1292, 1294-95 (Alaska 1994). The following rules of construction also apply:
Insurance contracts are contracts of adhesion, and as
such "will be construed according to the principle of reasonable expectations.
" The reasonable expectation doctrine has been stated as follows:
The objectively reasonable expectations of applicants
and intended beneficiaries regarding the terms of insurance contracts will be
honored even though painstaking study of the policy provisions would have
negated those expectations.
In order to determine the reasonable expectations of the
we look to the language of the disputed policy
provisions, the language of other provisions of the insurance policy, and to
relevant extrinsic evidence. In addition, we refer to case law interpreting
Id. at 1294-95 (citations omitted).
The terms "Motor Vehicle,""Motorized Vehicle,"and "Recreational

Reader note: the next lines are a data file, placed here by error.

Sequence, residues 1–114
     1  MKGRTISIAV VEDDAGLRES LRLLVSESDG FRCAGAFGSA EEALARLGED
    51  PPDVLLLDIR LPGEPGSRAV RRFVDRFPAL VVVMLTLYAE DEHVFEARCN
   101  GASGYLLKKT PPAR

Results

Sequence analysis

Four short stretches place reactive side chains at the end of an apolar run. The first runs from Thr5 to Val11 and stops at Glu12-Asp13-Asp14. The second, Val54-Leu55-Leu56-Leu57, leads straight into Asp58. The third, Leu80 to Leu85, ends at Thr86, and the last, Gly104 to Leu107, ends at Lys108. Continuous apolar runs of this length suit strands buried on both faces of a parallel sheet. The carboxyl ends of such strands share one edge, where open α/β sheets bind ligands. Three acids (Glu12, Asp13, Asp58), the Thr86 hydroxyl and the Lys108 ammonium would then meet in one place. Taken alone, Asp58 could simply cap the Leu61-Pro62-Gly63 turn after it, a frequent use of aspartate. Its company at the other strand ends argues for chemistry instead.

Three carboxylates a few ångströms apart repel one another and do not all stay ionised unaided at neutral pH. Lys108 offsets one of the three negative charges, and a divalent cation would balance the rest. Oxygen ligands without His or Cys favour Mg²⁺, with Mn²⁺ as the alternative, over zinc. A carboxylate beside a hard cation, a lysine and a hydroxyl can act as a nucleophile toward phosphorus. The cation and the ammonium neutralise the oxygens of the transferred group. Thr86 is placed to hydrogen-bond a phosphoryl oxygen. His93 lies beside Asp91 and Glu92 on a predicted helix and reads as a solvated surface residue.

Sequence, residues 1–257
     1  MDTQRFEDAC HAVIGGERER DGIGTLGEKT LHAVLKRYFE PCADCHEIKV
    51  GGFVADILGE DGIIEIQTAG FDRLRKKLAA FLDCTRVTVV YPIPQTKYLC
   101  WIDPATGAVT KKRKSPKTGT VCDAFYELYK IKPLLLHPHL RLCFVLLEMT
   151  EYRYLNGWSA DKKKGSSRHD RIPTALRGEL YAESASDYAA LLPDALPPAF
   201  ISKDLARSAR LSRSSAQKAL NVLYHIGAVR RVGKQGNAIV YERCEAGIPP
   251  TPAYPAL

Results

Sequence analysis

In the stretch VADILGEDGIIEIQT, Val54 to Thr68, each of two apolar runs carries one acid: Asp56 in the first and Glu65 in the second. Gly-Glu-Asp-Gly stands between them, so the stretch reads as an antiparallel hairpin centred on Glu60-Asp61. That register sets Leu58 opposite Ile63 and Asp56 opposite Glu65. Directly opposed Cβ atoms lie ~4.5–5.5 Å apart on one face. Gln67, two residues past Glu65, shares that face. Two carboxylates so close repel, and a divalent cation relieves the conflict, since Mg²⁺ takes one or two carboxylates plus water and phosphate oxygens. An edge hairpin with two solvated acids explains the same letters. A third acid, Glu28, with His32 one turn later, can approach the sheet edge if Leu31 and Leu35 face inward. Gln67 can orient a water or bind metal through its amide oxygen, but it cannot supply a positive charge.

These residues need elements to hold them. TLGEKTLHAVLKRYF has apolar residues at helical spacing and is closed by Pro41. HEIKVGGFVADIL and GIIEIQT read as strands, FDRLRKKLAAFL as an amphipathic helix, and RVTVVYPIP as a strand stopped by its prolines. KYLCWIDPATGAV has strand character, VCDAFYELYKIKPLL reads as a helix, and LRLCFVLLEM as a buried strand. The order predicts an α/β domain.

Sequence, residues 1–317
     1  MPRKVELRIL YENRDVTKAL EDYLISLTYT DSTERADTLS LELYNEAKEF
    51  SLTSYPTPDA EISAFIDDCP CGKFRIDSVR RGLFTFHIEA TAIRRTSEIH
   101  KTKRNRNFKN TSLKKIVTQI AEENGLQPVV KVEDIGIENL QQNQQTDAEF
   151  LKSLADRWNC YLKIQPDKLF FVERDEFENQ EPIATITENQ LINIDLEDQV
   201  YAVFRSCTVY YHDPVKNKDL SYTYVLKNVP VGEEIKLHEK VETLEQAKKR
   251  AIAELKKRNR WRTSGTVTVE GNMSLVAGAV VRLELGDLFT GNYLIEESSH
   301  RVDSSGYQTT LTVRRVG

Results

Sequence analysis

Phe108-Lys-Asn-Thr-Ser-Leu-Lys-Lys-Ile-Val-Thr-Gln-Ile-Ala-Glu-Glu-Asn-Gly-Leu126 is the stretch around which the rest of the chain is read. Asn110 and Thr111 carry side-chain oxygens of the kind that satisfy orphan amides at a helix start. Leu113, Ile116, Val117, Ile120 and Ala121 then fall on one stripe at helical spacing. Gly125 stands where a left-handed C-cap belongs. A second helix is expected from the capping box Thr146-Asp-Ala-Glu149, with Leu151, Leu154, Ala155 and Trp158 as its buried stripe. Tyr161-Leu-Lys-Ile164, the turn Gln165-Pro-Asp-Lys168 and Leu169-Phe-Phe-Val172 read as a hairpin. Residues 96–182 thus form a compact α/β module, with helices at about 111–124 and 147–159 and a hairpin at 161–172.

Motor Vehicle"as used in the Horace Mann policy are defined as follows:
9. Motor vehicle means a motorized vehicle, a trailer or a
semi-trailer, and all attached machinery or equipment, if:
a. it is subject to motor vehicleregistration; or
b. it is designed for use on public roads.
10. Motorized Vehicle means a self-propelled land or
amphibious vehicle regardless of method of surface contact. This includes parts
. . . .
14. Recreational Motor Vehicle means a motorized vehicle, a
trailer or attached equipment that is designed or is used for leisure time
activities and which is not a motor vehicle.
Jones states the argument as follows: "If the land immediately next
to Ridgeway Road constitutes an insured premises, because of its use in